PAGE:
Based on observations from July 1875, this image shows a coffle of men, women, and children with the adults linked by ropes or chains and carrying loads on their heads. Cameron described how he "had camped in a village when a slave caravan approached; the village inhabitants immediately bolted into the village and closed the entrances. The place I had chosen from my camp was near the path, and the whole of the caravan passed on in front, the mournful procession lasting for more than two hours. Women and children, foot-sore and overburdened, were urged on unremittingly by their barbarous masters; and even when they reached their camp, it was no haven of rest for the poor creatures. They were compelled to fetch water, cook, build huts, and collect firewood for those who owned them" (p. 357). Verney Lovett Cameron (1844–1894) was the first European to cross equatorial Africa from sea to sea in 1875. His travel memoirs contain valuable suggestions for the opening up of the continent from north to south, including using the Great Lakes region to connect Cape Coast to Cairo.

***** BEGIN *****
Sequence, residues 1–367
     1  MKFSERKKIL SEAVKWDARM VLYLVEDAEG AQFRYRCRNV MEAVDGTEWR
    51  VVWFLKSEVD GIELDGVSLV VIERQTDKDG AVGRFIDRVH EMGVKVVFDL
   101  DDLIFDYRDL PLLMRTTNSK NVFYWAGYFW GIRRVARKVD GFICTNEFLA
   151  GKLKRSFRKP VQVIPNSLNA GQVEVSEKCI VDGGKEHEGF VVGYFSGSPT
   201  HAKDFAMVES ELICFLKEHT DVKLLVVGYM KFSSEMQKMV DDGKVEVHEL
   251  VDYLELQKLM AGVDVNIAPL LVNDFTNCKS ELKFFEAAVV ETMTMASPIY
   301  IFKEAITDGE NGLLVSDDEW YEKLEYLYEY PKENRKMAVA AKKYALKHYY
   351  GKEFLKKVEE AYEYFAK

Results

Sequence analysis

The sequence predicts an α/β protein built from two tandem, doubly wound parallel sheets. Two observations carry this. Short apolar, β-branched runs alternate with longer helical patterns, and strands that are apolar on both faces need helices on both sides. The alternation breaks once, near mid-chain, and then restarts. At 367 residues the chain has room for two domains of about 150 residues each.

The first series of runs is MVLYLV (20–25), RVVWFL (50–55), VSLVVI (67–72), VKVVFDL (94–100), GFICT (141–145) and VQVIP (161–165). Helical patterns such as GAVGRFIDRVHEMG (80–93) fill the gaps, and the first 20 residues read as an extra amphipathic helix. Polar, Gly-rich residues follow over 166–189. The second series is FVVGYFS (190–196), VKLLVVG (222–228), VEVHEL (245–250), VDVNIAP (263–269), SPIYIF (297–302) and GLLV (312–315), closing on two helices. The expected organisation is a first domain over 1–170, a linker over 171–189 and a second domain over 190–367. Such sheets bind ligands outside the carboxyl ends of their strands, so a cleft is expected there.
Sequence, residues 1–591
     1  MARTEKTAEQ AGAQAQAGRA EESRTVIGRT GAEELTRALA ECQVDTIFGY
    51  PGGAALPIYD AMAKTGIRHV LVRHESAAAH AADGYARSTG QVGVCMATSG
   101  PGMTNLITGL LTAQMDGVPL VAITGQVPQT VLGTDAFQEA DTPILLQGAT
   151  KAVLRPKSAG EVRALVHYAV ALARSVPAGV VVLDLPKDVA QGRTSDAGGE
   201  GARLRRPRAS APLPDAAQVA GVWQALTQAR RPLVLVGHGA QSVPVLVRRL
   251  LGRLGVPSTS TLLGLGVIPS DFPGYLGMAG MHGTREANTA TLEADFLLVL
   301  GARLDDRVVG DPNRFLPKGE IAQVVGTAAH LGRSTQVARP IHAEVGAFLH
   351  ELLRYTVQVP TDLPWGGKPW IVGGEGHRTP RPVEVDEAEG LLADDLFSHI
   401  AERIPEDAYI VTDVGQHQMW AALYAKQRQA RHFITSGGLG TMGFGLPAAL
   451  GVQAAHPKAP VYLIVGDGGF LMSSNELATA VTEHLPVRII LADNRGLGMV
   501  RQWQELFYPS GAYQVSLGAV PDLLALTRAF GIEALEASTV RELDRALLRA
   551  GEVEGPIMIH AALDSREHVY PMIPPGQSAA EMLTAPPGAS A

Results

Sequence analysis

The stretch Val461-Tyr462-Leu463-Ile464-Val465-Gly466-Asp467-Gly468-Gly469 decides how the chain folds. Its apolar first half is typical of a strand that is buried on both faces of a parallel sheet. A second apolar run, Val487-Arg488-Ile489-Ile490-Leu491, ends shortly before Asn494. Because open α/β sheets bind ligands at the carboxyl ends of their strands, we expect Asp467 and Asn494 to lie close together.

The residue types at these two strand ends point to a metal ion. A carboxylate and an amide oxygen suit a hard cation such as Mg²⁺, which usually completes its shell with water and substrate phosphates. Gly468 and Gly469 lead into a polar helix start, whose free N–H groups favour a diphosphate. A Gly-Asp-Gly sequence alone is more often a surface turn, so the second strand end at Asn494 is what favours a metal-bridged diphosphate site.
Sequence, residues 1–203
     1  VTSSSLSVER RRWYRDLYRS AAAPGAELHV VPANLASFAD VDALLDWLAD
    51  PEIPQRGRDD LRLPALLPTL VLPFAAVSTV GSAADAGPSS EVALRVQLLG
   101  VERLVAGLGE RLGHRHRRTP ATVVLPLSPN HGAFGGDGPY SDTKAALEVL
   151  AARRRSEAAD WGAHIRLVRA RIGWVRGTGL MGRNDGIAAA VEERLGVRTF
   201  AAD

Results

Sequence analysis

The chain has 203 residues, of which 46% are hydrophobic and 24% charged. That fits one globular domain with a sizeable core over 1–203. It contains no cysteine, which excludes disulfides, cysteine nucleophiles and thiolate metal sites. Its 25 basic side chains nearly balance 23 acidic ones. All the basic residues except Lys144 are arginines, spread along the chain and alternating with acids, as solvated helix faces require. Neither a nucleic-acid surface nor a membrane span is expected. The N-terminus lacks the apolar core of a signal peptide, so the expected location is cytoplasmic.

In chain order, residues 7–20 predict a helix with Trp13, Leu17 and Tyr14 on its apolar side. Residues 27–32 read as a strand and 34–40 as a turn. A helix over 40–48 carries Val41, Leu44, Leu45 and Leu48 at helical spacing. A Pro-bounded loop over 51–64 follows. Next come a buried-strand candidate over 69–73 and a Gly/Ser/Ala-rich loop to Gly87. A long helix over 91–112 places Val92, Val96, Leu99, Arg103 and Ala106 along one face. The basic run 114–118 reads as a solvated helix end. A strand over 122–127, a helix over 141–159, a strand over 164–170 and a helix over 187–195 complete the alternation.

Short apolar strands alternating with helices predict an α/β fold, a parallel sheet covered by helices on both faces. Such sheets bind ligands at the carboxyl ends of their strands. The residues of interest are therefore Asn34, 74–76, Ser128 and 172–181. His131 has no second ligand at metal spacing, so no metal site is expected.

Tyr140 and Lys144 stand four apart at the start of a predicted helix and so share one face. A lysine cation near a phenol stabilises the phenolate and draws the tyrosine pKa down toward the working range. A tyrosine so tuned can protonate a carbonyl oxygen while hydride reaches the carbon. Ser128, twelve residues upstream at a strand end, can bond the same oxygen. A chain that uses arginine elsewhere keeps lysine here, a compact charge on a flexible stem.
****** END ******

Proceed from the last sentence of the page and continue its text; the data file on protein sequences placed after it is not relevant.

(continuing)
Verney Lovett Cameron, Across Africa (New York, 1877), p. 357.
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"Slave-Gang", Slavery Images: A Visual Record of the African Slave Trade and Slave Life in the Early African Diaspora, accessed January 26, 2021, http://slaveryimages.org/s/slaveryimages/item/387